It seems YMT’s Macbeth is in fine company! If you think The Bard could use a dose of dance or a medicinal jab of music then come join us at The Lyric Theatre Belfast this July!
Wednesday 23 July 2014 - 7:30pm to Tuesday 26 August 2014 - 7:30pm
BONUS: Not a musical but 10 Things I Hate About You, the high school bound adaptation of The Taming of the Shrew, is home to a short light-footed performance definitely worth sharing
In its 10th year Youth Music Theatre UK has prepared an explosive summer season of groundbreaking international work in England, Scotland and Northern Ireland. Strap in as we give you the breakdown of the shows, merchandise and competitions you can expect to see appearing over the next few weeks!
Follow our new Instagram channel to get sneak peek into the rehearsals of our upcoming shows, a unique insight into the creative workings of YMT and the inevitable office selfies.
Follow us here! http://instagram.com/ymtuk
Over the next few weeks we’ll be running regular competitions where YMT members will have the chance to win exclusive merchandise, goodie bags and theatre tickets.
We will also be launching our ‘7 Second Musical’ challenge! Where we’ll be seeking out the smartest, funniest or maddest way to tell the story of a popular musical in 7 seconds. More information to follow soon!
We’ve got a brand new range of YMT hoodies, T-shirts, badges and much more for you to get your hands on!
Summer Season 2014
23 Jul 2014 to 26 Jul 2014, Belfast: Lyric Theatre
This July the thumping sound of Drum ‘n’ Bass cascades down the corridors of Dunsinane. An ominous beat reverberates through the dank fog of YMT's dystopian reimagining of Shakespeare's perennial horror story Macbeth.
Utilising Garth McConaghie’s fierce electric score alongside Stuart Harvey accomplished direction, the young cast bring a new twisted take on the things that could conceivably go bump in the night.
31 Jul 2014 to 01 Aug 2014, Aberdeen: The Lemon Tree
Harvest Fire ignites an explosive fusion between the spectacular energy of America's Burning Man Festival and Scotland's own harvest celebrations. Within this vibrant collision of traditions the boundaries between death and re-birth are tested with visual relish.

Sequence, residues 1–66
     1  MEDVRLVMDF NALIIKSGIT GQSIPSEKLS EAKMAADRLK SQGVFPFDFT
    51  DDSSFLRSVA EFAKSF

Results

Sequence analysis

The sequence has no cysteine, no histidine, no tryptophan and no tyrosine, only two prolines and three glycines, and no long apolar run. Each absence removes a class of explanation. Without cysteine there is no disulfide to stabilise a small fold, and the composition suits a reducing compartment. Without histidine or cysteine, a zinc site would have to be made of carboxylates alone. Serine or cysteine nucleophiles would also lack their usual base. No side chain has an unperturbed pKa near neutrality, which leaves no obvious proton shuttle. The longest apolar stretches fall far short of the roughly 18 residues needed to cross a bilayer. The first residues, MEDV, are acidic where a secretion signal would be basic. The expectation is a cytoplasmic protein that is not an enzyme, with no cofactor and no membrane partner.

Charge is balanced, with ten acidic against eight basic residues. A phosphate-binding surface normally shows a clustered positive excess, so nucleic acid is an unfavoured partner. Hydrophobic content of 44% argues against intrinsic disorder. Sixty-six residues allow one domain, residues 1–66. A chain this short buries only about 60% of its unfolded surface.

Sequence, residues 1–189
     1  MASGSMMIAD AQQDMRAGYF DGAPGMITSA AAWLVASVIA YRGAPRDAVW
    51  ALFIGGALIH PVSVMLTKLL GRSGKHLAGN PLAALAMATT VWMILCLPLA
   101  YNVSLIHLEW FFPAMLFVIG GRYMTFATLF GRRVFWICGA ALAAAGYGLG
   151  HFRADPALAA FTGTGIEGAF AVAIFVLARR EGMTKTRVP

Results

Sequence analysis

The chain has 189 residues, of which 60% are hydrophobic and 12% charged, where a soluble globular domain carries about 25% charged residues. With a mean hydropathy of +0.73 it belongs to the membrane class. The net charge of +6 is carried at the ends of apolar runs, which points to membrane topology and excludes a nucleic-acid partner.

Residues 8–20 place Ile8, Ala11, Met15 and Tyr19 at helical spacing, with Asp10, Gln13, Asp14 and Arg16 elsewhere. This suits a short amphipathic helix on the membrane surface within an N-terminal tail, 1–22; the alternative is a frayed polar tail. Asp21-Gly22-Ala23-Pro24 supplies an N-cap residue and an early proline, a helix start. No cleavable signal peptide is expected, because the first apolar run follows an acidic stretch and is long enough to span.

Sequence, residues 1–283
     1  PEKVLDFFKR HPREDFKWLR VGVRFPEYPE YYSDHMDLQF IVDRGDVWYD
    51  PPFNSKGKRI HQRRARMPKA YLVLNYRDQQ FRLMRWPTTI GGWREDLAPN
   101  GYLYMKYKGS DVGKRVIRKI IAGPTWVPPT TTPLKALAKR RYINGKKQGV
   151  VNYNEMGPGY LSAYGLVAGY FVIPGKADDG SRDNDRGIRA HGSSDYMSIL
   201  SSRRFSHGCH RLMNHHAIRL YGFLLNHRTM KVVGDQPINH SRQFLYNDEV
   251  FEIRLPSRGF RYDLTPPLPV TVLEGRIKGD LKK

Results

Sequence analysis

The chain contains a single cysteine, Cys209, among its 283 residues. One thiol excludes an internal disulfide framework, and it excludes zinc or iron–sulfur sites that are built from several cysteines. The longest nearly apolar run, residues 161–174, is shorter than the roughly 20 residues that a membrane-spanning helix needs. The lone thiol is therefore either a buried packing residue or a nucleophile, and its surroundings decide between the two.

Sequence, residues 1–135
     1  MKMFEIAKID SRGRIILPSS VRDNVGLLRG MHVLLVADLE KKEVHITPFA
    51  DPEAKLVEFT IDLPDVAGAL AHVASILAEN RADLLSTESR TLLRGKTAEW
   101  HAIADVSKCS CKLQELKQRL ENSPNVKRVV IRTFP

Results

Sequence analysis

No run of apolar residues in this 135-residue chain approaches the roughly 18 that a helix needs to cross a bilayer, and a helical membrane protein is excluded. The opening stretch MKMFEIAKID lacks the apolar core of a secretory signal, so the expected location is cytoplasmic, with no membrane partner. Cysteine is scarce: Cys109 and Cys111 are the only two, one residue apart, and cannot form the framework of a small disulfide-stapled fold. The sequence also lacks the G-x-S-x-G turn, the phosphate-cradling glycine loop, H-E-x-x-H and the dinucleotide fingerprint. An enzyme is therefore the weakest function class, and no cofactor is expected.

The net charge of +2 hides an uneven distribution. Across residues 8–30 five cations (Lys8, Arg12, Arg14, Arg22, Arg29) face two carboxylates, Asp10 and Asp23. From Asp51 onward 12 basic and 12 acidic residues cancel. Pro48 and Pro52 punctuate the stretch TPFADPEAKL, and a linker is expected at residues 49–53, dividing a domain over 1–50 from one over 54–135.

Harvest Fire is a crackling new work created by director Lewis Barfoot as part of the Aberdeen International Youth Festival.
15 Aug 2014 to 16 Aug 2014, Plymouth: Barbican Theatre
The Dance Connection is a vibrant devised performance, combining breathtaking choreography, mesmerising movement and immersive vocal soundscapes. The score steps light-footedly between captivating classics to pace-pumping pop, with the invigorating infusions of Gaelic song and jazz.
All these elements are intertwined to create an intricate and spectacular tapestry of movement and sound not to be missed.
15 Aug 2014 to 16 Aug 2014, Belfast: The MAC
The first of YMT's new Triptych Programme, commissioning new work from young female composers, Triptych (2014) gives young performers from YMT auditions the chance to work with some of the most exciting and innovative emerging composers in the UK and from abroad.
The programme brings together three emergent female composers from around the world. The template for this groundbreaking new work comes from the poems of one Northern Island's foremost female writers, Sinéad Morrissey.
16 Aug 2014 to 17 Aug 2014, Halifax: Square Chapel
This is a chance for young women to experiment with cutting-edge musical theatre, devise new work and explore what it means to reach womanhood in the 21st century.
23 Aug 2014 to 24 Aug 2014, Berkshire: South Hill Park Arts Centre
Launching a major international collaboration, YMT will be developing the stage version of the international bestselling book Ali & Nino. The story remains a testament to the strength of love in a war-torn world.
The performance will be a multilingual maelstrom of Georgian polyphonic singing and Persian mugham. Performed by a talented international cast; this promises to be one of YMT’s most ambitious projects to date.
28 Aug 2014 to 31 Aug 2014, Kingston: Rose Theatre
A new, dangerously addictive music has entered Discworld! Performer Imp Y Celyn (literally translated as ‘bud of the holly’) finds himself the unwitting poster boy for this intoxicating trend. We follow Imp and his eclectic ensemble through their glamorous yet short lived musical career, as they attempt to harness the new ‘Music With Rocks In’.
Directed by Luke Sheppard, (Associate Director RSC's Matilda), adapted by stand-up comedian Andrew Doyle with original music from WhatsOnStage Award-nominee Craig Adams (LIFT, Thérèse Raquin), and choreographed by Off West End Award-winner Cressida Carré (Titanic).
29 Aug 2014 to 30 Aug 2014, Plymouth: Barbican Theatre
In Geraldine McCaughrean’s award-winning tale a frighteningly zealous and single-minded Noah, battles against the apocalyptic elements. Family conflicts, stowaways and rogue reptiles combine to craft a captivating storm-forged story bound to leave you gasping for air.
We hope to see you all there!